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    FreePixel looks at video games as part of the moving image culture. Games are not movies. But games use moving image tradition in their presentation. That is why FreePixel offers a critical look at games and their expressive qualities that grow from the use of the moving image.

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    [April 5th, 2012]

    What is machinima about?

    Posted by Michael

    It took a long while to come back to the blog. I was busy doing more physical computing things over here. However, I am not completely gone, yet. Recently, I was asked to write a short piece on machinima for a book and when I was thinking about a useful question the “what is machinima about?” stuck somehow with me.

    First of all, this is obviously an unfair question to ask. It is impossible to reduce any animation technique to a single “topic” or “message.” But as machinima has such a hard time to leave the gaming community, one might wonder whether this is really the confines it is restricted to.

    Mike Munson’s The Tyrant helps to clarify the question.

    The challenge is that there is a tendency in machinima to “not grow up” and remain in a state of “arrested development” as Katie Salen would say. With the exception of The French Democracy, very few machinima pieces have stepped beyond the dedicated community and into the wider audience field of regular film and TV viewers. There are obvious exceptions – but to my best knowledge this is true for political or socially critical machinima. Not that The French Democracy is the only political machinima, but it is the only one that ever generated mass appeal.

    So the question is whether machinima is bound to remain in the corner of games and gaming culture forever.

    But is this the fault of machinima?

    This is where I return to The Tyrant, which – in my humble opinion – does a great job in applying machinima techniques to present a political message. But how is one supposed to understand the critique of Munson’s The Tyrant, when he lip-synchs George W. Bush’s voice to a re-skinned version of the Half Life character of the G-man and presents him as commanding the oppressive force of the Combine, the antagonistic force in the video game Half Life 2? The body of the character is that of video gaming’s biggest dubious antagonists, the texture on its face that of the former American president, the voice a mashup of Bush sound bytes, as he directs the evil forces of a fictional oppressive police state to shoot down virtual civilians, and the music underlying the scene stems from a separate horror video game (Silent Hill). For a player, who has encountered many of these elements and figures as central to one’s long hours spent on playing this particular video game, these references work both as a metaphor and as technological implementation – whether one agrees with the political statement or not. They recognize the machinima specific argument of Munson’s critique through their experience in gaming. For someone unfamiliar with this cultural artifact, it remains a visual effect that lacks the crucial extra level.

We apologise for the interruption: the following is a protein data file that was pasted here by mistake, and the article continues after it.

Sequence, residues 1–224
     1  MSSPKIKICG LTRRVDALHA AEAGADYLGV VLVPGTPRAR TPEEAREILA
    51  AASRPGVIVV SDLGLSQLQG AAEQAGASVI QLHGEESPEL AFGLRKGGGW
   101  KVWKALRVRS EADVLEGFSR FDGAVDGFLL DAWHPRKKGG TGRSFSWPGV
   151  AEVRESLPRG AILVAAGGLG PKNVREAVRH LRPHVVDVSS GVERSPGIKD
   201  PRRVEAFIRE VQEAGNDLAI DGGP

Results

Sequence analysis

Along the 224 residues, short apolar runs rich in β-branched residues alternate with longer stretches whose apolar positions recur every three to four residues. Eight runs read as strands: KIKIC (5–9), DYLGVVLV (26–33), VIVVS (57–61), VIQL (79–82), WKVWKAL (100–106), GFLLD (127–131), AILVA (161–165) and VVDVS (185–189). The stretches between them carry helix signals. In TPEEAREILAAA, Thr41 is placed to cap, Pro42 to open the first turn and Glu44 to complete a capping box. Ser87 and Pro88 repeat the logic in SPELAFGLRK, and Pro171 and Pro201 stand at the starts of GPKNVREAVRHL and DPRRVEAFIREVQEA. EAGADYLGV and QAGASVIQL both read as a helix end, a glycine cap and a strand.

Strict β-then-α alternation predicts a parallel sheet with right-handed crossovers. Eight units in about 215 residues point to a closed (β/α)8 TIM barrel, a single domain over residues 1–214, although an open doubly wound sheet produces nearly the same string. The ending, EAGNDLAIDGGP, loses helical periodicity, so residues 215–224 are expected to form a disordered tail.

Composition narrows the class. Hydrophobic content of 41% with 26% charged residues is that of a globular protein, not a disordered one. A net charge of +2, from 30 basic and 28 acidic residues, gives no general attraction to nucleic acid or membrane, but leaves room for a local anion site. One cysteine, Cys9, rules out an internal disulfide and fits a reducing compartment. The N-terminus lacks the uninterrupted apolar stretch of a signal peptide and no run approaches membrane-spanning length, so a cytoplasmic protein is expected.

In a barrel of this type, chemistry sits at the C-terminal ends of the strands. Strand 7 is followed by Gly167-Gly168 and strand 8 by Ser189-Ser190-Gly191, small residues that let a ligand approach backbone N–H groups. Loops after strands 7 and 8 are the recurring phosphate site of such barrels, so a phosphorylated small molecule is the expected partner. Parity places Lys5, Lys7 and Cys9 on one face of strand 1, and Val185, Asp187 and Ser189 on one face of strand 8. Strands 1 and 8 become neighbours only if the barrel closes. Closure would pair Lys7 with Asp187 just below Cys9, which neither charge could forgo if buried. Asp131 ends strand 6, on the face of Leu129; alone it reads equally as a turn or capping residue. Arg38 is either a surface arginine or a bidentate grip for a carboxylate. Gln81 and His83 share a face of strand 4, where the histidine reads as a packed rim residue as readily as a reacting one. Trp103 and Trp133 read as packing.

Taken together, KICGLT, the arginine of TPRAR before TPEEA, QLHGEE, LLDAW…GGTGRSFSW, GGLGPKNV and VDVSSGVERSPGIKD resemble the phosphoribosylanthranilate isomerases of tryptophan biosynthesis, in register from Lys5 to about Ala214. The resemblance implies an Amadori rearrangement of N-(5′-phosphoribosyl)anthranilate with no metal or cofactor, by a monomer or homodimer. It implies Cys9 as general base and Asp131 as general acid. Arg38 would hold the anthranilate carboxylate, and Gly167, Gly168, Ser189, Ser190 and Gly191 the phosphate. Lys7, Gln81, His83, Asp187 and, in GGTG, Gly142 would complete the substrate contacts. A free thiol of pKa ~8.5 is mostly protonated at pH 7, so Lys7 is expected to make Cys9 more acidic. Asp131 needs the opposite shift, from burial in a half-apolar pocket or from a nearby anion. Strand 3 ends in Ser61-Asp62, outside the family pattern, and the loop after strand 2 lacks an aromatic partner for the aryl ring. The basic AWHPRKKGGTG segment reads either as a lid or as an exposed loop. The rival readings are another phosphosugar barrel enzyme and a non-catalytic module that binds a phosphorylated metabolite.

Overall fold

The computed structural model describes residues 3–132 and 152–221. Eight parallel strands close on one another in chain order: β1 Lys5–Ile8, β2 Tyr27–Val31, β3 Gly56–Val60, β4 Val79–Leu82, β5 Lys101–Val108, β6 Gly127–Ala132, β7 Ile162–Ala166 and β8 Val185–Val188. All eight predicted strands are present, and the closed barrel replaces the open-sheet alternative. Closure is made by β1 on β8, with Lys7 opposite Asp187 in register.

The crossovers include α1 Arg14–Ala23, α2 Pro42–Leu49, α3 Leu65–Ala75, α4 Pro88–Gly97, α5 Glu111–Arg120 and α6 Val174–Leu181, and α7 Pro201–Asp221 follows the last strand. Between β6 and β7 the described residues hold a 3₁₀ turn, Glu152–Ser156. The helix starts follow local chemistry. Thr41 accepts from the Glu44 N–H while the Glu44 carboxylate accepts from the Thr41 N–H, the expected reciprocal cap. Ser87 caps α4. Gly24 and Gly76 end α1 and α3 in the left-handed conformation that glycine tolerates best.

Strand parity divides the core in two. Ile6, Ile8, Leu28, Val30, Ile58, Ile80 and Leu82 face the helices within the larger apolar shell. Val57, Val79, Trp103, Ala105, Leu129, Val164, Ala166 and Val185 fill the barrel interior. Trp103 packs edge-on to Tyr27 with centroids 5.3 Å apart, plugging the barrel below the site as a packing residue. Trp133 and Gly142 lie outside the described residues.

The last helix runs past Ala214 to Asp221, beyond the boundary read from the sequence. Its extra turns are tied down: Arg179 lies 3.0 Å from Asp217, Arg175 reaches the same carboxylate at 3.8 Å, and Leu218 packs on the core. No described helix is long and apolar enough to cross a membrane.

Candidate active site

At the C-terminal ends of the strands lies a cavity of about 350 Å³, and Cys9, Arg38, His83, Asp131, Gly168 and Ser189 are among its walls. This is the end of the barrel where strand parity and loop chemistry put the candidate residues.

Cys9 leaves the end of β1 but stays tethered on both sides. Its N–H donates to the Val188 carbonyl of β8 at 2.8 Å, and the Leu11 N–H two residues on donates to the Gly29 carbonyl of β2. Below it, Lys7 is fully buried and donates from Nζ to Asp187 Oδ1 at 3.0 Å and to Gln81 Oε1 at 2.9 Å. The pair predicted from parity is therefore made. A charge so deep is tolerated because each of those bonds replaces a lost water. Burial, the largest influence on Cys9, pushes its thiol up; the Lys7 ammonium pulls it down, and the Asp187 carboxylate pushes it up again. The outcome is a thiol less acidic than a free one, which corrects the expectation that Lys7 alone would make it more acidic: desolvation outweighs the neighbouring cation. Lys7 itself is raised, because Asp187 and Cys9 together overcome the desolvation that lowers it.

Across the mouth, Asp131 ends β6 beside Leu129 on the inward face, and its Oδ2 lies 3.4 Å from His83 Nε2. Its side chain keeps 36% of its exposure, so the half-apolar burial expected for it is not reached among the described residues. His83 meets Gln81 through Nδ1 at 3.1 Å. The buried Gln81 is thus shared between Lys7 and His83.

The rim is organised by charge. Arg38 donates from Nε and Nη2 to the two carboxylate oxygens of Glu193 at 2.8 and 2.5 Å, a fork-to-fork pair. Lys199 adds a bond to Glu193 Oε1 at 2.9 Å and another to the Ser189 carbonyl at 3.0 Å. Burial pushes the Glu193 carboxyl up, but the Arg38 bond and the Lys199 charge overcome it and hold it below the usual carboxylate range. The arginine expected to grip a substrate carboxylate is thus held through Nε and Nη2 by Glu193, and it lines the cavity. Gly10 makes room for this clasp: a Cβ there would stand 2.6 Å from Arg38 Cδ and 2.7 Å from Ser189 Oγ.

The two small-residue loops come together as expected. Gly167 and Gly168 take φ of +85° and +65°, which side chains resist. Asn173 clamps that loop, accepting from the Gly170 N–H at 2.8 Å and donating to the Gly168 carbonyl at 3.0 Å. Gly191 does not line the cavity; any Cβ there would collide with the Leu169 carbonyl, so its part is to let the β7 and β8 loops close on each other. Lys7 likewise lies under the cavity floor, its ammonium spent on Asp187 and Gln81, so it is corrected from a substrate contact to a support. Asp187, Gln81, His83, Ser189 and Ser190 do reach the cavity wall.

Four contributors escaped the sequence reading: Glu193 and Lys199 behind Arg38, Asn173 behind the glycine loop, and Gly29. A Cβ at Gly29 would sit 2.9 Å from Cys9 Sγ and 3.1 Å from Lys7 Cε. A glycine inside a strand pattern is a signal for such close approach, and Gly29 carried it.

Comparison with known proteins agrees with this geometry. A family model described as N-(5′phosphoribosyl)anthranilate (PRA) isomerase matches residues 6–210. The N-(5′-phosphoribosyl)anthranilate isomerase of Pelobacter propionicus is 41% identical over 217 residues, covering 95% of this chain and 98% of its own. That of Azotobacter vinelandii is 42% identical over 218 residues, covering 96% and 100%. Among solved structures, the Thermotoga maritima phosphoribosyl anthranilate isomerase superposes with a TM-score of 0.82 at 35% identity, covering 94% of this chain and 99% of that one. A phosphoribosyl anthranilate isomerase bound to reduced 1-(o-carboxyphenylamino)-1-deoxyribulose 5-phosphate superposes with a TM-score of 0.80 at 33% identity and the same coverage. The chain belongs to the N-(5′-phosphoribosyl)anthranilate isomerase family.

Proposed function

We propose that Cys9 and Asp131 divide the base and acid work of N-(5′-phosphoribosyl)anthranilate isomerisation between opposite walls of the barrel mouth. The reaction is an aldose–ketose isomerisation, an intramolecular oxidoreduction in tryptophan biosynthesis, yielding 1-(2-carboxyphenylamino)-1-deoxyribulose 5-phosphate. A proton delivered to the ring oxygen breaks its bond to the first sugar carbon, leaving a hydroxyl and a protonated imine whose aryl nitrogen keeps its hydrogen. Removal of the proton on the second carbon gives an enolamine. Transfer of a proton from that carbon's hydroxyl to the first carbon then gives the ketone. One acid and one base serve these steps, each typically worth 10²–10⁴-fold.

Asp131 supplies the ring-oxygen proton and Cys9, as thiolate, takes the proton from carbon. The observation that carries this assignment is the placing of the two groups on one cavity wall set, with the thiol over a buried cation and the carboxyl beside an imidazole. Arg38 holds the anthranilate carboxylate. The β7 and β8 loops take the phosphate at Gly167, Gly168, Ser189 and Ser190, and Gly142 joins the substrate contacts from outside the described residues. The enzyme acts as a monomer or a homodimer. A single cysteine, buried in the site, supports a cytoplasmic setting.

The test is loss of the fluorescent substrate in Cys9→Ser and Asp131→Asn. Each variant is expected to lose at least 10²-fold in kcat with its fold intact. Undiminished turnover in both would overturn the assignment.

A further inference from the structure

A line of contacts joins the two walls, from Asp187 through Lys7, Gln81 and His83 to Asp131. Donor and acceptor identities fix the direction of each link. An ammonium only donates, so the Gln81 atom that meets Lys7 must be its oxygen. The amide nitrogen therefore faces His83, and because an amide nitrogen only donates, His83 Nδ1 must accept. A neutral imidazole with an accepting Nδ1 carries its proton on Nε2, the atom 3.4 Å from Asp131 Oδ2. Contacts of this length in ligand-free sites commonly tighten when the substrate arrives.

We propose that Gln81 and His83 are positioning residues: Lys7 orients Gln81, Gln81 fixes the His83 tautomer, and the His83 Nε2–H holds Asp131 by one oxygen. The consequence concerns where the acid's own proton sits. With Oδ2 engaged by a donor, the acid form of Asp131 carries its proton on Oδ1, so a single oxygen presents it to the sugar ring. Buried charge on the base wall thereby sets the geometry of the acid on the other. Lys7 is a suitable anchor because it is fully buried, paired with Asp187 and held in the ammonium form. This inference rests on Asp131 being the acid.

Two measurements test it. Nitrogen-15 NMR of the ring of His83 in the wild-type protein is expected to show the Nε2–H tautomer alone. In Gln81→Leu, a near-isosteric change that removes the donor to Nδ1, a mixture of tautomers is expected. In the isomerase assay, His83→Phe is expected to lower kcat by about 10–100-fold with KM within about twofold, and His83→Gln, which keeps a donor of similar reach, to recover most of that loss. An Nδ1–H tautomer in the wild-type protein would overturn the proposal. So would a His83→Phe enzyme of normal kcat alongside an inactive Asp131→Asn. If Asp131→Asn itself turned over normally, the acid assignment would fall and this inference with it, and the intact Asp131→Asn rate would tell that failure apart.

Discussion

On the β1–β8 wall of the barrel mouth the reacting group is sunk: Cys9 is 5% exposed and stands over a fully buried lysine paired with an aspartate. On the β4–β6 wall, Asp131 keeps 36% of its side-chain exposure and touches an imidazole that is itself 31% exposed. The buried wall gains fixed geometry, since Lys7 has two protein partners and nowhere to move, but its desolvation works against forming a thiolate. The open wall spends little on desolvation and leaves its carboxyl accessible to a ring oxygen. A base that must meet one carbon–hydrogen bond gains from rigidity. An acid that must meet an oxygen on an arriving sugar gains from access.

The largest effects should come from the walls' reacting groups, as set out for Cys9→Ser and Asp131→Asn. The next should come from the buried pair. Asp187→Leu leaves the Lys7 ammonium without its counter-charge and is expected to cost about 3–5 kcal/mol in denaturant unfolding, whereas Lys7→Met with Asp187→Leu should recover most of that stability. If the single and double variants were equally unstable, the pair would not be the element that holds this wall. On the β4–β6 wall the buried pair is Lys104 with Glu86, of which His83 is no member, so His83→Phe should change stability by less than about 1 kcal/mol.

Neither games nor machinima are apolitical. Half Life 2 is not a value free work of fiction but contains all kinds of elements of a social parable. However, the ways games and machinima communicate their messages are not always accessible to all audiences. Insofar, machinima’s ties to games is not a limitation for their content but a sign for the specific quality that distinguishes them from other animation formats. Machinima has own codes, it seems, but few can read them.

    The question is whether the ways we communicate these messages (e.g. through re-skinning in this case) ever become as understandable as other visual cues (e.g. cinematic traditions like the reaction shot or three point lighting) – not whether machinima will ever grow up and away from such specific positions.

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